We have had an increase in local businesses requesting more information regarding online stores for their business. I think this is due in no small part to the pandemic causing detrimental harm to the small business economy, but I also understand this shift that we see today has been making for the past three decades. Local small businesses are finding that their competition is more than just big box stores and even more prominent online marketplaces such as Wayfair, Overstock, and eBay. Of course, those big box stores are also opening massively successful online stores. Just look at Walmart, which is currently the second-largest online retailer with a whopping 5.3% share of all online sales. Without a doubt, though, Amazon is the undisputed titan for American shoppers with an insane 38% market share of all online sales. Think about the scale of that number for just a second and try not to get overwhelmed.
Amazon accounts for almost two out of five purchases made online in the United States.
So, how does any business just getting into the online sales game expect to make any headway these days? After all, the numbers appear daunting at first glance and can make business owners feel like they have lost before they have begun. Well, let's explore three simple questions that you must ask yourself as a business owner before you start this journey. All questions should be answered in the affirmative before moving ahead; otherwise, you may not need to provide an online store on your website.
Before we get to these questions, let's try and understand the motives of the shoppers and the businesses.
The main reasons people shop online can be summed up in a few relatable bullet points. These are not the limits to why someone will shop online, but they are common among online shoppers these days.
It goes without saying that online shopping is very convenient when compared to shopping in-person. Not only do you need not brave the weather conditions (ahem, winter is coming), but you also can avoid traffic, salespersons, lines, and rude shoppers. If you need to travel to a local store that is 20 minutes away only to grab a couple of items, why waste an hour out of your day driving here, there, and back and dealing with all the previous inconveniences? It's an easy decision, especially for the hectic nature of today's busy lifestyles.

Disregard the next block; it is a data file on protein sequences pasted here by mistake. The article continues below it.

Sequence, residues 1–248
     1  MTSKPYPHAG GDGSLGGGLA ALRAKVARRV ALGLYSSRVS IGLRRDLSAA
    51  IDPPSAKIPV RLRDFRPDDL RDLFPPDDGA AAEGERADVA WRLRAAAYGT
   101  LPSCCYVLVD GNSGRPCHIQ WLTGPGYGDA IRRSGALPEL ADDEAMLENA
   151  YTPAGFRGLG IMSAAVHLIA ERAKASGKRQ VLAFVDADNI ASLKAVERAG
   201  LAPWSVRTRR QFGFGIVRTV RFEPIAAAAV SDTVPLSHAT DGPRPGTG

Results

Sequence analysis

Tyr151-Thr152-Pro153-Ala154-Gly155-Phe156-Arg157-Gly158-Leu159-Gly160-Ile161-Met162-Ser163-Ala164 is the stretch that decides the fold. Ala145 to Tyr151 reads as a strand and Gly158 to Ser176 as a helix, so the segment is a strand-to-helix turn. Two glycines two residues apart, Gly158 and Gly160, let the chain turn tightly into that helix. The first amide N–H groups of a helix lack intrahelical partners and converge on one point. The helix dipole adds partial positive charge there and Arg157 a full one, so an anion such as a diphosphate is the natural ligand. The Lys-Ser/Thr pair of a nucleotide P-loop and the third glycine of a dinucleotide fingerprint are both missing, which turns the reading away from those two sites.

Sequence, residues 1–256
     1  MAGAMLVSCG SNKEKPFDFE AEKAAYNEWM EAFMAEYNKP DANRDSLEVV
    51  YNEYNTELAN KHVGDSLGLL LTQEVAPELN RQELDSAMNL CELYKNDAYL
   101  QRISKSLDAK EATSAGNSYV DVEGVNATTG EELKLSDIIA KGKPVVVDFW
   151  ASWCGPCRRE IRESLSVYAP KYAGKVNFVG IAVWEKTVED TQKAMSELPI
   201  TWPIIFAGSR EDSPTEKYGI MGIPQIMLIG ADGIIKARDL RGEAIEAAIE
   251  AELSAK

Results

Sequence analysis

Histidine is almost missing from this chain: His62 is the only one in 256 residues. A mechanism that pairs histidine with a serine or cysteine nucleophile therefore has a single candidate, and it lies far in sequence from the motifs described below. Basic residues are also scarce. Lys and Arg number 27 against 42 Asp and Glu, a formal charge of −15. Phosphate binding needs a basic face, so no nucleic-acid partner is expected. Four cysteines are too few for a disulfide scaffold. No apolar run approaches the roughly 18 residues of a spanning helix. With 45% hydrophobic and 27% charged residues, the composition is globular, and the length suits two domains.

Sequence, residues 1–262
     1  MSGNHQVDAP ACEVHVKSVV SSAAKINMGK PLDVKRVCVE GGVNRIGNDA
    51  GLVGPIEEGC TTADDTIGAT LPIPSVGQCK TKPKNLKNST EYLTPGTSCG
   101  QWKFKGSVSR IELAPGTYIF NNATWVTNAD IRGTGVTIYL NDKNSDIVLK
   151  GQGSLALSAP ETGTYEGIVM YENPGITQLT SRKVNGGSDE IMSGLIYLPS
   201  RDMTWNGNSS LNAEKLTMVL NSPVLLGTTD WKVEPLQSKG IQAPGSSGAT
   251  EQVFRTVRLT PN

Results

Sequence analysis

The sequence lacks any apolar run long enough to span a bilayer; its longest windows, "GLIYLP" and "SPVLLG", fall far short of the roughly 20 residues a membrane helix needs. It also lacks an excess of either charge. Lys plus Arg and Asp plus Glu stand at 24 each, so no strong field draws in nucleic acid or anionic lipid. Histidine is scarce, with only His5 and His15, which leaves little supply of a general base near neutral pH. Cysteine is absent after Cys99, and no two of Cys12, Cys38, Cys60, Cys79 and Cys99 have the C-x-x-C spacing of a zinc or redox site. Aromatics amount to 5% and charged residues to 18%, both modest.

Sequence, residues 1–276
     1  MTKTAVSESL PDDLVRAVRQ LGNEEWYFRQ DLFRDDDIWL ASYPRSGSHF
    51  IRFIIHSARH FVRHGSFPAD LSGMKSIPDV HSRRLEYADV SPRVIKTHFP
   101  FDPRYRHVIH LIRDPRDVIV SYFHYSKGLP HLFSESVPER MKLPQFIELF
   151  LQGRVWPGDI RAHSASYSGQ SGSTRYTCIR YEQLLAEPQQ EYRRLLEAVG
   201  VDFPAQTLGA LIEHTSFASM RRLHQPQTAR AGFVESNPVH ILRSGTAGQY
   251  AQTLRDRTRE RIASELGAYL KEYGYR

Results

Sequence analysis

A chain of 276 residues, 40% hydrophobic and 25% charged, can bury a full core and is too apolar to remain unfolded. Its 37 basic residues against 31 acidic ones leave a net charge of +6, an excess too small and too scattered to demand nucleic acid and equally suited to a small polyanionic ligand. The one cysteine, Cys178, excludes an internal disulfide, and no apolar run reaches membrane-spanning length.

When looking to buy local, you are limited to the products stocked on the store's shelves or, if you are lucky, still in the back. However, what if you want a variation in color, size, or features? You're out of luck in that scenario.
Uniqueness is why people who shop online love going online. Customers can get what they want just as they want if they are willing to wait for the package to arrive. Consequently, Amazon and other online retailers have dedicated exorbitant amounts of money to scale up the shipping and logistics efficiency and speed for their inventory sales.
Without question, low price points equal an increase in sales. I'm not talking about quality, just pricing. It's the whole reason Walmart exploded across the U.S. in the 80s through the early part of the 21st century. Even the song Redneck Woman by Gretchen Wilson is about getting stuff on Walmart's shelf at half price. It's also why dollar stores such as Dollar General, Family Dollar, and Dollar Tree opened more than 1,500 new stores in 2019. People want cheap items, quality be darned.
There are quite a few reasons businesses sell online, but I've found a few primary reasons for most online stores.
While still having unique challenges, opening an online store is a much easier business to open compared to physical locations. For example, a huge obstacle to creating a physical store is all of the hoops one must jump through to get off the ground. For instance, you must create a business plan that analyzes local competition, local demand for your products, location of the store, size of the shop location, signage, building out the store, utilities, local regulations, and on and on. Of course, we haven't even got into staffing issues or a well-thought-out supply chain.
This one is unique as many businesses sell physical products exclusively, but what about those that sell services and collect payments online. Or maybe you sell subscriptions such as educational training courses, and you want people to subscribe to your product online and then automate the process for your students. Online stores offer a simple way to push your online digital sales because you would be selling knowledge versus a physical item.